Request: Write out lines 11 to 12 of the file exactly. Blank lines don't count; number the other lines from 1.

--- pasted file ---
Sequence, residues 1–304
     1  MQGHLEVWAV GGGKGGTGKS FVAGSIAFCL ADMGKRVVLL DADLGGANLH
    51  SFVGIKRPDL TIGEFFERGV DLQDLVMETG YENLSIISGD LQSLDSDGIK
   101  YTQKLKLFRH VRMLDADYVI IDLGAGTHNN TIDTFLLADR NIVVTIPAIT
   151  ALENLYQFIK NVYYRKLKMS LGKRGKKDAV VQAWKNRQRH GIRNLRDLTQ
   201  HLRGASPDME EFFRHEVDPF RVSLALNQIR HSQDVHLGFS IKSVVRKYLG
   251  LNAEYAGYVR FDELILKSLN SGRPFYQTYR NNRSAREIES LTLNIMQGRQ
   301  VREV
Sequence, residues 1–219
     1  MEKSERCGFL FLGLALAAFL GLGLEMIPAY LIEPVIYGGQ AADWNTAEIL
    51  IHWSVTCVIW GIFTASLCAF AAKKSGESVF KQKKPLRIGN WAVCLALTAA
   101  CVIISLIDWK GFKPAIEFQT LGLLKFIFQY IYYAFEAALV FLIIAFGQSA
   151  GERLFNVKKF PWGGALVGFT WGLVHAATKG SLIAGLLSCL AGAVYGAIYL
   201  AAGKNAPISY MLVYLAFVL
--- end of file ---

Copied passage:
    51  IHWSVTCVIW GIFTASLCAF AAKKSGESVF KQKKPLRIGN WAVCLALTAA
   101  CVIISLIDWK GFKPAIEFQT LGLLKFIFQY IYYAFEAALV FLIIAFGQSA